What will Kim Jong Un do next? 6th nuclear test seen critical for North Korea

North Korean leader Kim Jong Un (centre) inspects the Command of the Strategic Force of the Korean People's Army at an undisclosed location.
North Korean leader Kim Jong Un (centre) inspects the Command of the Strategic Force of the Korean People's Army at an undisclosed location. PHOTO: AFP

SEOUL/WASHINGTON (REUTERS) - North Korea says it has developed intercontinental missiles capable of targeting any place in the United States.

Now comes the hard part of fulfilling the declared goal of its leader Kim Jong Un: perfecting a nuclear device small and light enough to fit on the missile without affecting its range as well as making it capable of surviving re-entry into the earth's atmosphere.

To do that, weapons experts say, the isolated state needs to carry out at least another nuclear test, its sixth, and more tests of long-range missiles.

North Korea's two tests of an intercontinental ballistic missile (ICBM) last month likely carried a payload lighter than any nuclear warhead it is currently able to produce, the experts said.

One way to have a lighter warhead would be to concentrate on developing a thermonuclear device, or hydrogen bomb, which would offer much greater explosive yield relative to size and weight.

Pyongyang claims to have tested a hydrogen bomb, but this has not been proven, said Hans Kristensen, director of the Nuclear Information Program at the Federation of American Scientists.

"Doing so would take several more nuclear tests," he said."The advantage of a thermonuclear warhead is that it packs a lot more power into less weight."

Choi Jin Wook, a professor of international relations at Japan's Ritsumeikan University and former president of South Korea's state-run Korea Institute for National Unification, said a sixth nuclear test would be essential for North Korea to develop an operational nuclear-tipped ICBM.

"In order to make a nuclear weapon deployable, it has to be small and light, but North Korea doesn't seem to have this technology," he said.

South Korea's President Moon Jae In said on Thursday (Aug 17) that Pyongyang would be"crossing a red line" if it put a nuclear warhead on an intercontinental ballistic missile, and US President Donald Trump has warned that North Korea would face "fire and fury" if it threatened the US.


North Korea is a highly secretive nation and predictions of what it will do next are often little more than conjecture.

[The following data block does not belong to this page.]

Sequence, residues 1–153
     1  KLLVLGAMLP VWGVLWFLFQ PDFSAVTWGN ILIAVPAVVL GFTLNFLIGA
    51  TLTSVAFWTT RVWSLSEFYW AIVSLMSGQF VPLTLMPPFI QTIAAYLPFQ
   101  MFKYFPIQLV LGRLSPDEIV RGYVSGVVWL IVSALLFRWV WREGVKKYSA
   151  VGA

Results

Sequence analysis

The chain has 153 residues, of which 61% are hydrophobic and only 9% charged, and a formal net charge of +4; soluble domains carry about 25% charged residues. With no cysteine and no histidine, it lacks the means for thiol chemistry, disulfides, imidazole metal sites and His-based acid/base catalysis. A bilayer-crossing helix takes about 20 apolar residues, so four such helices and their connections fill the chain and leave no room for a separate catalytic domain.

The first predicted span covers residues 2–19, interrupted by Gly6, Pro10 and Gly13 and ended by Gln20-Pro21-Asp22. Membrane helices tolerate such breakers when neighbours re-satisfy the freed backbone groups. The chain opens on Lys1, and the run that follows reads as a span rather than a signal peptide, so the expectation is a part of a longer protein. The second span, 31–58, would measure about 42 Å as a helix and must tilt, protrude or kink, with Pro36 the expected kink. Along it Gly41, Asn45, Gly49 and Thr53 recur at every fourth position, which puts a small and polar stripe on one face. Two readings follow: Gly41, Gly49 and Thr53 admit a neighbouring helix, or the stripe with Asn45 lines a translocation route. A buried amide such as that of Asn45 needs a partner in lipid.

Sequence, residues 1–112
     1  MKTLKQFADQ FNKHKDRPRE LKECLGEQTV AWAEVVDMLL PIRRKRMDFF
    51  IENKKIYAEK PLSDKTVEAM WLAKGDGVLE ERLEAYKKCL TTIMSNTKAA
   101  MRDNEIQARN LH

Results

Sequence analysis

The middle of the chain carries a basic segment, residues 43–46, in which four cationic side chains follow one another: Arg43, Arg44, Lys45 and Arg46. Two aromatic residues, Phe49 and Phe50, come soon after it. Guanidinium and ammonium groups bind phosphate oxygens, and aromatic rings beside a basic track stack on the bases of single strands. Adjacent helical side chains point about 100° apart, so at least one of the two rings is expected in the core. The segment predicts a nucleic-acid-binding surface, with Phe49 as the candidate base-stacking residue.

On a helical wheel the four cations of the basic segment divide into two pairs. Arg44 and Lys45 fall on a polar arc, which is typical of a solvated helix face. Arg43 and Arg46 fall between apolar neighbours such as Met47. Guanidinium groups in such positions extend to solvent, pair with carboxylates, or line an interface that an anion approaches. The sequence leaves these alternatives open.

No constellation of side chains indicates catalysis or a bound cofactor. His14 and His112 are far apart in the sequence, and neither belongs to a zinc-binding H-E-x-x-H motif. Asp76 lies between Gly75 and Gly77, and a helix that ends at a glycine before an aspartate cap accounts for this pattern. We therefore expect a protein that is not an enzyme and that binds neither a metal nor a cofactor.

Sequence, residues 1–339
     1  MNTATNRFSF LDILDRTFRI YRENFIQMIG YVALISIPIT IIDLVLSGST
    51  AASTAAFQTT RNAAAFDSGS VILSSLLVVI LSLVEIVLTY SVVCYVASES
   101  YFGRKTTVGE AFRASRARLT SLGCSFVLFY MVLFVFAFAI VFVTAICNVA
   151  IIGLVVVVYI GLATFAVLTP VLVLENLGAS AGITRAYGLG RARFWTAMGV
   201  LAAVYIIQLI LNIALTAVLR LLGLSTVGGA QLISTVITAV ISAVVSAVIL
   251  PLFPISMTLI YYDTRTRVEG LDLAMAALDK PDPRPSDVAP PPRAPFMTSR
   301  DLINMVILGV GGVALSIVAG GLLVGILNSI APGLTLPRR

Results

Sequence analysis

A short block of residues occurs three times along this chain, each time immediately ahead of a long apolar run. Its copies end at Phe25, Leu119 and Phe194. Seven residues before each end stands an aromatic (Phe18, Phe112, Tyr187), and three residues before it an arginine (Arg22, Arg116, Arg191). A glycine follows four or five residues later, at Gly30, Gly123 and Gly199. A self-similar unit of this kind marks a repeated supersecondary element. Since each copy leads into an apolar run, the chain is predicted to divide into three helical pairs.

Still, Kim is likely to be carefully weighing the timing of even a new nuclear test because it will antagonise North Korea's sole major ally, China, and could trigger even tougher United Nations economic sanctions than those that followed ICBM tests in July.

A US official, who asked not to be named, said that while periodic activity has been seen at North Korea's Punggye-ri nuclear test site, he had not seen movement there for over a month and there were no current signs of an imminent test.

A second US official added that North Korea has had parts in place for a nuclear launch for months, but no new activity had been seen recently.

Besides developing a miniaturised hydrogen bomb, some experts say it appears Kim's rocket scientists have yet to master the technology to protect a warhead from the extreme heat and pressure of re-entering the earth's atmosphere after an intercontinental flight.

South Korea believes North Korea will need at least another one or two more years to obtain that re-entry technology, Seoul's vice-defence minister said on Sunday.

"Miniaturisation for ballistic missiles is only one of the many challenges of targeting the US with an ICBM," said David Albright, a physicist and founder of the non-profit Institute for Science and International Security in Washington."The re-entry vehicle has to survive and the warhead work," he said. "I am sceptical that North Korea has mastered all these steps."

Among North Korea's capabilities in the field, US intelligence officials have said it likely can produce its own missile engines and does not need to rely on imports.


After Kim ramped up the pace of weapons development last year with numerous missile launches as well as two nuclear tests in January and September 2016, some observers had expected a sixth nuclear test as early as this January.

Instead, Pyongyang has spent most of the year testing various types of missiles. After its first and second ICBM tests in July, it threatened to land missiles in the vicinity of Guam, a US Pacific territory, drawing a stern warning from Trump.

Pyongyang has since said Kim has delayed his decision on Guam.

Pyongyang faces significantly tougher sanctions, including from China, if it conducts another nuclear test, said Moon Chung In, a special adviser on foreign affairs and national security to South Korean President Moon Jae In. "If North Korea carries out a sixth nuclear weapons test, China will likely cut oil supplies to North Korea. I believe China has strongly warned North Korea not to conduct another nuclear test," Moon said.

The Punggye-ri site is just 100km from the border with China and 200km from Russia, and past tests have angered both countries and caused them to back increasingly tough UN sanctions.

Kim, however, sees the ability to threaten the US as essential to the survival of his personal rule.

"North Korea will conduct a sixth nuclear test in order to bring the United States to negotiations," said Yoo Ho Yeol, professor of unification and diplomacy at Seoul's Korea University. "I don't know exactly when (it will happen), but a sixth nuclear test is a less dangerous option for North Korea than firing missiles towards Guam."